Bruno Senna

Senna was too inconsistent to take the fight to Pantano.

Before the start of the year, I had predicted that Romain Grosjean would end up running away with the championship. He seemed to have it all. He had dominated the GP2 Asia series, and he was signed up with double champions ART. In the event, it didn't work out that way. The year started badly, with his qualifying down in 11th for the opening race at Barcelona. Come the race, though, he looked far and away the quickest man on the circuit, and despite the fact that the new GP2 cars were clearly not as conducive to overtaking as the old ones, he clawed his way up to 5th. The Sprint race should have been his for the taking, but following a safety car, he screwed up his entry to the final chicane, allowed Kamui Kobayashi a run on him and then practically had the Japanese newcomer off the road in retaking the lead. It was a stupid move which earned him a drive through penalty and cost him a points finish - probably a win. That was just one weekend, but it was somehow reflective of a season which yielded just two wins. He always seemed quick on race day, but his qualifying was erratic and there were just too many mistakes.

So what of the rest? I have to confess to being more than a little surprised to discover the unpredictable Pastor Maldonado had climbed to a comfortable 5th place in the drivers' standings by the season, snapping at the heels of such as Grosjean and Senna in the points tables. Sometimes he was anonymous, and other times, most particularly at Monaco and whenever he found himself on a wet track - his performance in the rain at Spa on Sunday morning springs to mind. Perhaps a sign that, while he may be mentally fragile, his innate car control is of the highest order.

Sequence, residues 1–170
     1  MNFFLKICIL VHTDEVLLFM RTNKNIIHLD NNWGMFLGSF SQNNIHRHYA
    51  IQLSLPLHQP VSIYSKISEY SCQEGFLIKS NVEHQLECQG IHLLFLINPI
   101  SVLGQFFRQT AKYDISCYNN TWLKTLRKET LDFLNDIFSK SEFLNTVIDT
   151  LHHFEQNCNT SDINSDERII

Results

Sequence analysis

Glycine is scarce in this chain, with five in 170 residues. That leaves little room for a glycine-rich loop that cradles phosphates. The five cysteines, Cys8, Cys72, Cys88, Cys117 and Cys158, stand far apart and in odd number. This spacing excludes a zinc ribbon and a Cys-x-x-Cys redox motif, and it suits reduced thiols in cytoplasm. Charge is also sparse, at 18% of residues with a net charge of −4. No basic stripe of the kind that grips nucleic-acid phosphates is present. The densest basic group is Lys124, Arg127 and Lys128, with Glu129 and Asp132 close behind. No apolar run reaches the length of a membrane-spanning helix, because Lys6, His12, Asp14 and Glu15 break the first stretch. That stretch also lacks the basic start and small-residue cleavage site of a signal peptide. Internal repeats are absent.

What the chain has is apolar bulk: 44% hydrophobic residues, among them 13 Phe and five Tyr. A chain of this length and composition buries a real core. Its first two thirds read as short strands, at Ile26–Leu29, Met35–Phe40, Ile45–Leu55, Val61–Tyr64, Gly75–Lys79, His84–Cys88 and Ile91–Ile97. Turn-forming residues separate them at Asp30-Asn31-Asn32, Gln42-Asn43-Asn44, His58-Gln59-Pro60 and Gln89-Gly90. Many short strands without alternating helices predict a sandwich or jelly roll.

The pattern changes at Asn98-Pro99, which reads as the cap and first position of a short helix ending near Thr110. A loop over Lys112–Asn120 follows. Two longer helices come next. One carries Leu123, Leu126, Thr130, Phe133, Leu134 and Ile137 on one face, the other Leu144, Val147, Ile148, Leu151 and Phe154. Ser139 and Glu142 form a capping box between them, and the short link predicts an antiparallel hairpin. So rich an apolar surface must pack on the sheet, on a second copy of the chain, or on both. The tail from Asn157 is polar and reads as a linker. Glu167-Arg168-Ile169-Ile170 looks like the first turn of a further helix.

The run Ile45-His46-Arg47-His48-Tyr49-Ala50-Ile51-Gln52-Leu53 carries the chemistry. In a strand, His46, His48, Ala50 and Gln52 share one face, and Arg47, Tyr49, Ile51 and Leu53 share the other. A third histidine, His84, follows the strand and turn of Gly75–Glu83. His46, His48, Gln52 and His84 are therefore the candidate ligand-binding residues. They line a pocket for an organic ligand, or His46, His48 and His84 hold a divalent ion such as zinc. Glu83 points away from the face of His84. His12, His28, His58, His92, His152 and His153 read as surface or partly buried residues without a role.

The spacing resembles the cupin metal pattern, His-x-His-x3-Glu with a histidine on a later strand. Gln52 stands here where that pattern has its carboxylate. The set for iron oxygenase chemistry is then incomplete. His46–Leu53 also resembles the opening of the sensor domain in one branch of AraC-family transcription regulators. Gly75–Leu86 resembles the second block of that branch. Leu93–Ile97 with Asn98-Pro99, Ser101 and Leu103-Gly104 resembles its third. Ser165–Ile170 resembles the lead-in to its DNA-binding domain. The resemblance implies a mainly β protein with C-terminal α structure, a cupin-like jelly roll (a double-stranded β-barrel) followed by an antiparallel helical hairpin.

Pastor Maldonado
Maldonado came on increasingly strong in the second half of the year.

Sebastien Buemi took over Javier Villa's role as the master of Sunday morning sprint race wins - he picked up 2 wins and another 3 podiums. He's talked about as a potential F1 driver, but in all honesty it's hard to see why he'd be a better bet than Bruno Senna. Arden may not be quite the force that they were when the scooped one F3000 title after another, but they're still a competitive race team, and I wouldn't hire a man who had never even won a GP2 Feature race.

Of the rest, Alvaro Parente showed himself, on balance, the most promising of the complete GP2 rookies (i.e. those newcomers who had not raced in GP2 Asia). He won the opening race, which turned out to be the highlight of his season, but intermittently, he ran at or near the front for much of the rest of the season. His greatest weakness seemed to be an inability to get to grips with qualifying on occasion - twice he made the front row, but twice he was as far back as 21st on the grid. Whether the lion's share of the blame lay with him or with SuperNova was never entirely clear. His team mate Andy Soucek's form was similarly up and down. Vitaly Petrov was the season's other Feature race winner, picking up the pieces after Pantano ran out of fuel in Valencia. He looked a much improved driver this year (as indeed his performances in the GP2 Asia series had hinted he might be) and certainly the best racer ever to come out of Russia. Whether he is potential F1 material in another matter.